• Prime Minister John Key boasted that he had a diplomatic solution in mind to end Southern Ocean whaling.  Then, well, he went back on holiday.  We wait with bated breath.  Meanwhile, a woman in a waka walloped Moko the Dolphin in the Bay of Plenty.  John could not be contacted for comment, but we suspect that a diplomatic solution to the ‘Moko Problem’ is in the works.
  • Vegan.com, in an uncharacteristically in-depth piece, deconstructs egg industry propaganda.
  • A security camera in California appears to show a dog sensing an imminent earthquake moments before it hits.
  • If you bury a pig in snow, it mostly…dies.  Unfortunately for scientific progress, activists in Europe have temporarily managed to suspend the experiment to prove this hypothesis.  Okay, sure, I’m being a bit sarcastic: The real purpose was to test brain damage for the purposes of avalanche survival.  But come on.  In other science news, a macaque starved to death recently, because the researches forgot to weigh him.  Woops.  And, finally, experimentation on rats has proven the unexpected: Apples are healthy.
  • ‘Who are you calling Vegangelical?’, Ari Solomon asks.  His reply?

The reality is that veganism couldn’t be more different from religion. While religion is based on faith, veganism is based on facts. Animal suffering is not some ethereal concept, it’s very real.

All animals deserve to be free from unnecessary pain, fear, and suffering at the hands of humans. How can anything less claim to be humane? Do I want more people to go vegan, is that why I talk and write about it? Of course, but it has nothing to do with me or some group that I belong to. It has to do with the animals who suffer everyday so that we can eat them, wear them, and do whatever we want to them simply because we can.

Veganism is the practical response to a social injustice. Instead of vegangelical, the word should be veganlogical.

  • Victor Schonfeld, the mind behind the BBC’s recent ‘Animals and Us’ series exposes the ‘Five Fatal Flaws‘ of animal ‘rights’ activism.  Francione agrees.
  • On a similar note: It’s time to stop focusing on factory farming.
  • Finally, Mariann Sullivan and Jasmin Singer have launched Our Hen House, ‘a central clearinghouse for all kinds of ideas on how individuals can make change for animals’.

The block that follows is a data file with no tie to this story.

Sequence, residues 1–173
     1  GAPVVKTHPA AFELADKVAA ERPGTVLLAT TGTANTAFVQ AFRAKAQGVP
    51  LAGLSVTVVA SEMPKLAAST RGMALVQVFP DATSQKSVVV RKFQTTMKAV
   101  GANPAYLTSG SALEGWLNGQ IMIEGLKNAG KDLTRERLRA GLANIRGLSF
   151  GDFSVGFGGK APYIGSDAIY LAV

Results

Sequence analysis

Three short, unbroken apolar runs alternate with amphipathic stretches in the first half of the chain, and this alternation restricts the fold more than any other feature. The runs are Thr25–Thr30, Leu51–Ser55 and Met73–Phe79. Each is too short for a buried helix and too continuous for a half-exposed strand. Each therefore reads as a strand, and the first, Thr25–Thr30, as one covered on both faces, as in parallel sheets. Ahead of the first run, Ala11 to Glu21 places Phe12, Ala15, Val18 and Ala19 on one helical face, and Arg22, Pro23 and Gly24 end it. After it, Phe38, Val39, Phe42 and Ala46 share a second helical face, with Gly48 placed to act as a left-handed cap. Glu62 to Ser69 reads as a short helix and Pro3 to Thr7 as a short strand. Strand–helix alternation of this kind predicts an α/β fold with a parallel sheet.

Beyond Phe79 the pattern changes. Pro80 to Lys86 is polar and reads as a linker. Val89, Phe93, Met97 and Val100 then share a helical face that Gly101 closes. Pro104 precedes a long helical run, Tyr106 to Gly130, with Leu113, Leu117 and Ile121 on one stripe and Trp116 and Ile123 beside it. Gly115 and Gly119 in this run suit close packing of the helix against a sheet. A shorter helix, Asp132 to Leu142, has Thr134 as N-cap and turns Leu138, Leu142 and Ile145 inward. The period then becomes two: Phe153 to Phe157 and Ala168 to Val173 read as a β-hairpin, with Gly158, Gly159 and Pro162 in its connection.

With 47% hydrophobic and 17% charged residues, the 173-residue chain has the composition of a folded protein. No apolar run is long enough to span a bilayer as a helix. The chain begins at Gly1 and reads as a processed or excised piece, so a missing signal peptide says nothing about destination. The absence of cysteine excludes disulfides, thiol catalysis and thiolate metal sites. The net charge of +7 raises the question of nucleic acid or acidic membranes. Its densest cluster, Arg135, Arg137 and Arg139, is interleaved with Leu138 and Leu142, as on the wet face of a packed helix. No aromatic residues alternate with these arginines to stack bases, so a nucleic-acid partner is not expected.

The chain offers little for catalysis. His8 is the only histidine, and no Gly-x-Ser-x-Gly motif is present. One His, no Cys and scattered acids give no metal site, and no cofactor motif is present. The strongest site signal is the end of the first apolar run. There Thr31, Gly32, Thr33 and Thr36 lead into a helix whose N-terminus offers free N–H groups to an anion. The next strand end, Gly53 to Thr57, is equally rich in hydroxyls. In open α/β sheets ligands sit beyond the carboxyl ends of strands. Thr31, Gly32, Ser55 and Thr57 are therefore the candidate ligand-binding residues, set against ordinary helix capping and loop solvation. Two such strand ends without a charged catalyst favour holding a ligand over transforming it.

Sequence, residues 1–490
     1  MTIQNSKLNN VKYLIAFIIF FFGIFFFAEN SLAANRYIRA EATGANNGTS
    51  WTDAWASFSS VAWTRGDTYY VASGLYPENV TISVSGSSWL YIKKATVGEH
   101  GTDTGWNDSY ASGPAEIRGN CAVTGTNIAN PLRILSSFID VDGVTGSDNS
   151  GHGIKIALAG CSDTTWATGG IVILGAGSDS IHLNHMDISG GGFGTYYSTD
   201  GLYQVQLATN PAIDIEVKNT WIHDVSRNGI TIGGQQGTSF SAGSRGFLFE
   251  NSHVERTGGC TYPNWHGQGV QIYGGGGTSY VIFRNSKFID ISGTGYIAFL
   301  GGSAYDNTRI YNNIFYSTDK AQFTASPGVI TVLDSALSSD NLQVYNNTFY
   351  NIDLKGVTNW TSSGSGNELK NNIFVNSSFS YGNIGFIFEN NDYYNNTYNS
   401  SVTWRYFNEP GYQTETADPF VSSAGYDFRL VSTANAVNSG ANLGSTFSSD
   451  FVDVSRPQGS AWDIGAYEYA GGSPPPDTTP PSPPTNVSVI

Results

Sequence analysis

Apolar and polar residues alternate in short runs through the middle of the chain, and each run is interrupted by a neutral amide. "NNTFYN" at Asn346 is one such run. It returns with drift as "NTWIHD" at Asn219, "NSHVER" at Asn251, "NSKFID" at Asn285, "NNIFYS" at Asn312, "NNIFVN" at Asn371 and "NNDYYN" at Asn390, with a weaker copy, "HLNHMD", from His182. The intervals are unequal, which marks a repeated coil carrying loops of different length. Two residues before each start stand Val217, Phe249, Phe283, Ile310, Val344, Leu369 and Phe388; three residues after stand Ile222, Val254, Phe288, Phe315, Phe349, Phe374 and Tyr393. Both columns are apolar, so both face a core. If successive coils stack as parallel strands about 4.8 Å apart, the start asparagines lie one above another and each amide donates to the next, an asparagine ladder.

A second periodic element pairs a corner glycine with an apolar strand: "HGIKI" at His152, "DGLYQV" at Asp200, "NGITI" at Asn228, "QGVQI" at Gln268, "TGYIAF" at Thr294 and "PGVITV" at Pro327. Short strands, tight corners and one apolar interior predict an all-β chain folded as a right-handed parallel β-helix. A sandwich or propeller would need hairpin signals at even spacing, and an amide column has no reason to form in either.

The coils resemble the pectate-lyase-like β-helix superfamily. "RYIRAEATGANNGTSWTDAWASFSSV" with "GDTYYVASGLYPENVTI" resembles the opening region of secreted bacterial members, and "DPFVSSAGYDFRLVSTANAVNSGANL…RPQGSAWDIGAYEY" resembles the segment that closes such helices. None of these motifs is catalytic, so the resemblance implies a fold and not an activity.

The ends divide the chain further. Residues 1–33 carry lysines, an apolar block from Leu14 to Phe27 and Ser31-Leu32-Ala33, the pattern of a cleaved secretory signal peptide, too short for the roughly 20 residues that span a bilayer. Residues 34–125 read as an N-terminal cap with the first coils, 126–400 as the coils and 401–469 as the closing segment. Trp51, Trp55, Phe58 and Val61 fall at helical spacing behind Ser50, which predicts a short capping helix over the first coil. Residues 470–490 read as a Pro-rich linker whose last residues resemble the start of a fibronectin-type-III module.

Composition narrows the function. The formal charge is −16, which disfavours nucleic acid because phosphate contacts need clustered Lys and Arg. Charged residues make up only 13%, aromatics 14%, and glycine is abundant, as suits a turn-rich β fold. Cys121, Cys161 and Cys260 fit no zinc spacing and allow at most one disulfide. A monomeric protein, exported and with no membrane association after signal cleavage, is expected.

About David Tong

Climate campaigner | Cyclist | Photographer | Vegan | Straight Edge || Views my own


8 thoughts on “Links for January 2010

  1. Nice summary, even though the content itself requires a strong stomach. Good on you for doing this blog its really good work and oh so needed..

    There really is much to do.

    Posted by AaronC | 23 January 2010, 1:17 pm
  2. In other news…..day after day animals continue to suffer while those that say they care post on blogs .
    Your sickened and shocked but your response is to do nought.

    Posted by ray | 24 January 2010, 7:40 am
    • Ray, education is essential in any form of struggle.

      I find the online declarations from some that others should do more annoying on two levels:
      1) They tend to be divisive and to alienate others within the animal rights movement.
      2) They cannot be based on any real knowledge, because, aside from the few who comment here who know one another, no one knows what activities anyone else has engaged in.

      Posted by David Tong | 24 January 2010, 8:47 pm
  3. Good to see Ray’s back with his helpful comments. We’re still waiting for some elaboration on what everyone should do. Apparently, Ray has all the answers.

    Posted by Peter Sankoff | 24 January 2010, 10:59 am
    • And by the way Ray, why are you wasting time reading blogs? Why don’t you go do something?

      Posted by Peter Sankoff | 24 January 2010, 11:01 am
  4. Blogs are part of the resistance. We can only operate as lone wolf operatives for so long.

    Posted by AaronC | 24 January 2010, 8:15 pm